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The Legacy of the International Criminal Tribunal for the Former Yugoslavia$
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Bert Swart, Alexander Zahar, and Göran Sluiter

Print publication date: 2011

Print ISBN-13: 9780199573417

Published to Oxford Scholarship Online: September 2011

DOI: 10.1093/acprof:oso/9780199573417.001.0001

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PRINTED FROM OXFORD SCHOLARSHIP ONLINE (www.oxfordscholarship.com). (c) Copyright Oxford University Press, 2019. All Rights Reserved. An individual user may print out a PDF of a single chapter of a monograph in OSO for personal use. date: 11 December 2019

Unity and Division in Decision Making—The Law and Practice on Individual Opinions at the ICTY

Unity and Division in Decision Making—The Law and Practice on Individual Opinions at the ICTY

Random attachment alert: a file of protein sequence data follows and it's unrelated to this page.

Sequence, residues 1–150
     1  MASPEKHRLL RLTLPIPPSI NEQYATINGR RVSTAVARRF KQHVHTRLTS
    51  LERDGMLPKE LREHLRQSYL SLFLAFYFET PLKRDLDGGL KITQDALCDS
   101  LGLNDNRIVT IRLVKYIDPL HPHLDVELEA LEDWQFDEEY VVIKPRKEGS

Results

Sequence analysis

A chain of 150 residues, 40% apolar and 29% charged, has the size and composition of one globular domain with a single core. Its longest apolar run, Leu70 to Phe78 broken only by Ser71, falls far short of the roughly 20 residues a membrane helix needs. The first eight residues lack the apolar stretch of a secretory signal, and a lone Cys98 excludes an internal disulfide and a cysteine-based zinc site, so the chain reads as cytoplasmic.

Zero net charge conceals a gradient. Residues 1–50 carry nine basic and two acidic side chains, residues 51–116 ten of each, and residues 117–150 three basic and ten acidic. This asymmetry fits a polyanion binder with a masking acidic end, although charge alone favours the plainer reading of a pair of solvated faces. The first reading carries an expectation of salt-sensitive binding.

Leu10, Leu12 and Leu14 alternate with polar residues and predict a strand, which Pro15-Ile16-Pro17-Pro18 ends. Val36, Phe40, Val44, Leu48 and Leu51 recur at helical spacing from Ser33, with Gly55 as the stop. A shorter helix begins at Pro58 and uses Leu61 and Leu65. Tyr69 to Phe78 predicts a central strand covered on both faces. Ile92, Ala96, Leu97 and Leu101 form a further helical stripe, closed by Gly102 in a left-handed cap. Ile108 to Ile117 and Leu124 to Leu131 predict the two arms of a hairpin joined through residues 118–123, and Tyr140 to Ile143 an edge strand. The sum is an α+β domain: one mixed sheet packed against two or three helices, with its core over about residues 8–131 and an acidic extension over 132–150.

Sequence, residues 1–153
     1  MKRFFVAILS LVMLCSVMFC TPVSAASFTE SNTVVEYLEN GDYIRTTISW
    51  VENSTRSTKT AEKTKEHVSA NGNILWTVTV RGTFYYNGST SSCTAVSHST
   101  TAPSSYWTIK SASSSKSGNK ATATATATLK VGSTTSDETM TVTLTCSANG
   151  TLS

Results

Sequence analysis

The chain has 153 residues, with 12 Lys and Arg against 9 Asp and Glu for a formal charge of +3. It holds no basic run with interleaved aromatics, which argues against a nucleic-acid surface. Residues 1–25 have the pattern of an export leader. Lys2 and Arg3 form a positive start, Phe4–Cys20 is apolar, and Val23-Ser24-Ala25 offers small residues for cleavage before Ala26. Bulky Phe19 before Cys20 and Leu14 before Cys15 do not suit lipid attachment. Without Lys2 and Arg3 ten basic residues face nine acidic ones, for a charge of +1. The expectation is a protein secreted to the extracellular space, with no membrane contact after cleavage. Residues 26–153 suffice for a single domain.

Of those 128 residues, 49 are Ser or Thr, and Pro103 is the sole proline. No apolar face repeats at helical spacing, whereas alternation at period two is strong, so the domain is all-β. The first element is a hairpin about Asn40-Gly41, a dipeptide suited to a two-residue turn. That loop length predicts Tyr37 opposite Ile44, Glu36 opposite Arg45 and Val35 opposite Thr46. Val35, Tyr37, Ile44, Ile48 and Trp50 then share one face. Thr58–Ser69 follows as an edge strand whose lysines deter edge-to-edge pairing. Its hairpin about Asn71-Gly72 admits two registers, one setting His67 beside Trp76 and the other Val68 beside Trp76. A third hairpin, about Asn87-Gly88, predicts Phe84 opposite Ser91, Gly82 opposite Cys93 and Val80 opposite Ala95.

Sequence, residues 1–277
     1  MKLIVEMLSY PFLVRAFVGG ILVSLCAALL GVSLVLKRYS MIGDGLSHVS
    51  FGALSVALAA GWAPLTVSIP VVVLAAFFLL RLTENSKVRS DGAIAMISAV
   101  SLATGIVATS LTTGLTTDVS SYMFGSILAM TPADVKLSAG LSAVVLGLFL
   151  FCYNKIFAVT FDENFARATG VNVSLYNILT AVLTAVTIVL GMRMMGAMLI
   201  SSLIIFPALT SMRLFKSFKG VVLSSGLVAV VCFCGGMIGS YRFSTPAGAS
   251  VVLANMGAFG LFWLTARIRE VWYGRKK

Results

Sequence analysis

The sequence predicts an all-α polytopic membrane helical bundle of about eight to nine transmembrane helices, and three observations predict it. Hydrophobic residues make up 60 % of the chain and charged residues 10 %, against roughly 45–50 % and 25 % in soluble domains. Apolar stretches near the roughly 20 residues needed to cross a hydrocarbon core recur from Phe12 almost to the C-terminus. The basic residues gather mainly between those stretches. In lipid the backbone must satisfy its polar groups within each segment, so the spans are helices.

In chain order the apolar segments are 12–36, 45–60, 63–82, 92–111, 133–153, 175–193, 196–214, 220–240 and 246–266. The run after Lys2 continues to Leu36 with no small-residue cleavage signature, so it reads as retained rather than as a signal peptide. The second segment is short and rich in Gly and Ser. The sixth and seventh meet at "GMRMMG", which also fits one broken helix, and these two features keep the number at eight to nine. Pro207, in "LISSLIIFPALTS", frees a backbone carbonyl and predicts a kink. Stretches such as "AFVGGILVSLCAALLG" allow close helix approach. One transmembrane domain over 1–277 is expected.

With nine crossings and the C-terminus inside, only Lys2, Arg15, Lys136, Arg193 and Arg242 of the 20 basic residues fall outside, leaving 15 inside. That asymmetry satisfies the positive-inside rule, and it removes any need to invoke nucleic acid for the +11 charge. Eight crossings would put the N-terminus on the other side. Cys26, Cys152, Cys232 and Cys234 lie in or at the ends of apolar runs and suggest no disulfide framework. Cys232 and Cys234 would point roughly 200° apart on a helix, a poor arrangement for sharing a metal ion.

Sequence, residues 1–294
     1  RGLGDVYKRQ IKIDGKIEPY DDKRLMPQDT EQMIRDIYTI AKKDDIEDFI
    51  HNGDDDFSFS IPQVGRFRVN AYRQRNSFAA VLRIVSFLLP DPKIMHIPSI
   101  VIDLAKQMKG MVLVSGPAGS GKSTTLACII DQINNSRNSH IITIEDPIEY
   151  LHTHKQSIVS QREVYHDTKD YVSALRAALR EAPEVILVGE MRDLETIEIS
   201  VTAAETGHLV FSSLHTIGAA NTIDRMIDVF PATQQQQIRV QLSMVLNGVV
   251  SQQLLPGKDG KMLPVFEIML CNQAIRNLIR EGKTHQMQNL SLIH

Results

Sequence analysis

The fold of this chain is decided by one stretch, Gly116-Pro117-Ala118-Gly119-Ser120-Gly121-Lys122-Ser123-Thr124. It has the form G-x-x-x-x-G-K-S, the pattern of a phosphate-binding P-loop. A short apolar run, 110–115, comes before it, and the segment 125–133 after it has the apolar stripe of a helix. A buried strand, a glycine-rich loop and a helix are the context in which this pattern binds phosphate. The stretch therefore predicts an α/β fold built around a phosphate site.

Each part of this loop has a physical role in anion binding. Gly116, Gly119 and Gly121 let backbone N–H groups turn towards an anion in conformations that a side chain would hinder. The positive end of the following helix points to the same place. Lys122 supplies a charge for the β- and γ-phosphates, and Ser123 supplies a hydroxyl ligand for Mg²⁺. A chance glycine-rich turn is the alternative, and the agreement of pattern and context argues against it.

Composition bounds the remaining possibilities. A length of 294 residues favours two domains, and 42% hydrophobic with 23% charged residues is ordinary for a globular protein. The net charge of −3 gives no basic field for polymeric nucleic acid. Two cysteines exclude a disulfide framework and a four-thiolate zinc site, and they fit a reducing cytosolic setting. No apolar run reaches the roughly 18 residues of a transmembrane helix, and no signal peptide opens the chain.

Chapter:
(p.191) 6 Unity and Division in Decision Making—The Law and Practice on Individual Opinions at the ICTY
Source:
The Legacy of the International Criminal Tribunal for the Former Yugoslavia
Author(s):

Göran Sluiter

Publisher:
Oxford University Press
DOI:10.1093/acprof:oso/9780199573417.003.0007

This chapter critically addresses the use of separate and dissenting opinions at the ICTY. Its central question is whether the use of individual opinions at the ICTY is in need of reform with a view to improve judicial decision-making and the confidence therein by the public. It first discusses the diverging views on the availability of individual opinions in general. Next it traces the origin and history of individual opinions in international criminal proceedings. At the heart of the chapter is the analysis of 208 individual opinions published by ICTY judges. This practice suffers of a number of flaws and should be improved in a number of areas. The conclusion contains a number of recommendations to that end, which are no longer of much assistance to the ICTY, but could be its legacy on this point for the ICC.

Keywords:   ICTY, separate, dissenting, individual opinions, judicial decision-making, international criminal proceedings

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